Despite the fact that less than 20% of the proteome has enzymatic activity, most drug development efforts have so far focused on identifying enzymatic inhibitors. However, targeting a cell’s proteasomal machinery is now considered an effective area of research. As reported in Nature Reviews, the first protein degrader has reached a phase I clinical trial for patients with prostate cancer.
Traditional inhibitors require more drug than there is target. Instead, the new chemical entities that the researchers have developed can allow very low and less frequent dosing, consequently improving the safety margin. The new therapeutic aims to dissociate pharmacodynamics from pharmacokinetics, producing a short-lived protein degrader that elicits a long-lasting effect on the target.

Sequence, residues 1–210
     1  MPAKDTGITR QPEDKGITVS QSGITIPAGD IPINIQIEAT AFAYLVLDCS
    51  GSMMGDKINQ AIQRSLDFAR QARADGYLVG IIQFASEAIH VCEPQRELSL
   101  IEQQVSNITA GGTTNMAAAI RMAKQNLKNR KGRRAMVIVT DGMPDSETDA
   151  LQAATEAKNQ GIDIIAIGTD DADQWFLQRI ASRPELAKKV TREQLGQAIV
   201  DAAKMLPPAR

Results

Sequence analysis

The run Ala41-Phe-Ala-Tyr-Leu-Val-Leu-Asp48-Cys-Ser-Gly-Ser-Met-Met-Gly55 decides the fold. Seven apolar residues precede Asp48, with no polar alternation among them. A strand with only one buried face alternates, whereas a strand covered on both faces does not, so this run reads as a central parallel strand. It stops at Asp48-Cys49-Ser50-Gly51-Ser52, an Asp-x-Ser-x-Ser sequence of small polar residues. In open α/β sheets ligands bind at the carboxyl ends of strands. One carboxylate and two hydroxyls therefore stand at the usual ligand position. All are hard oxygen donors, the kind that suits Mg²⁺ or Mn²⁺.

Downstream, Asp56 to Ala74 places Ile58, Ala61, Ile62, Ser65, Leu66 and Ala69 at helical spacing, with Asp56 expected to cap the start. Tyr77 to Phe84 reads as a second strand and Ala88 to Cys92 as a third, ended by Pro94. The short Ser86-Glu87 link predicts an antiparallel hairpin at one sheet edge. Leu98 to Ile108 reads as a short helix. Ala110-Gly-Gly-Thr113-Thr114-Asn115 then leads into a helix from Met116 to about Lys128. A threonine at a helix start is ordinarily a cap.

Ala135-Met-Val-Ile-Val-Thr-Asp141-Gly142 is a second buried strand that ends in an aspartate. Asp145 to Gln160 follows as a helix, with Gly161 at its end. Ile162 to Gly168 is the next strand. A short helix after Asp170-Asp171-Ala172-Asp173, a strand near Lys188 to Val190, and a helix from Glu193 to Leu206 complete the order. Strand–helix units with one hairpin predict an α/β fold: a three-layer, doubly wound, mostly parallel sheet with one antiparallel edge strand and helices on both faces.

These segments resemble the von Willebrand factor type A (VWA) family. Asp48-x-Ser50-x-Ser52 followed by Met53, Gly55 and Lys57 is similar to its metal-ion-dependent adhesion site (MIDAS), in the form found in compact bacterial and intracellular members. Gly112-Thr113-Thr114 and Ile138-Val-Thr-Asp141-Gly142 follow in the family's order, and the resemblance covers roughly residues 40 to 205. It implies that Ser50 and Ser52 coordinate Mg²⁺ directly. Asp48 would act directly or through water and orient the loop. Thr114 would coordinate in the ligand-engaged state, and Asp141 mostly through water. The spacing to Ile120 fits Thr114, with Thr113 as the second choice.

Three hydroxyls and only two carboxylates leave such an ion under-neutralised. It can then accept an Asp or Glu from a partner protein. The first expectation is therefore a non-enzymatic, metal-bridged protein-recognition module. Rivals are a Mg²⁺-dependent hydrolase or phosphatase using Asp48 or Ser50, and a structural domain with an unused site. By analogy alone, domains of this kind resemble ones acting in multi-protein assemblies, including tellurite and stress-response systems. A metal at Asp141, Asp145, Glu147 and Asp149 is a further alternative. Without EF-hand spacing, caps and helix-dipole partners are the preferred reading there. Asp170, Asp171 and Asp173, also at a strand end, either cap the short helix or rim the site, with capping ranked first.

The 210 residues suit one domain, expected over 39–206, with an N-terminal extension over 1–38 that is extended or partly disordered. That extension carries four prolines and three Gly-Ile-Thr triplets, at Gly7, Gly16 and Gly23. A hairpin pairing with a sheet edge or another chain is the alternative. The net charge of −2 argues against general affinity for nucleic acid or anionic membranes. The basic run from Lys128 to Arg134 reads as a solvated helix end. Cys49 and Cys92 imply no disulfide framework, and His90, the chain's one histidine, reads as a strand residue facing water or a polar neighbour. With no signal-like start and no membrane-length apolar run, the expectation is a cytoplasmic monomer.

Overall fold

At IRBM, we have extensive expertise in the synthesis and characterization of ADME properties of new molecules that do not align with Lipinski’s Rule of Five. We have developed novel approaches that evaluate the permeability and metabolism of these new therapeutics. Moreover, we have the capability to identify new peptide binders for specific E3 ligases – an essential component of a targeted protein degrader.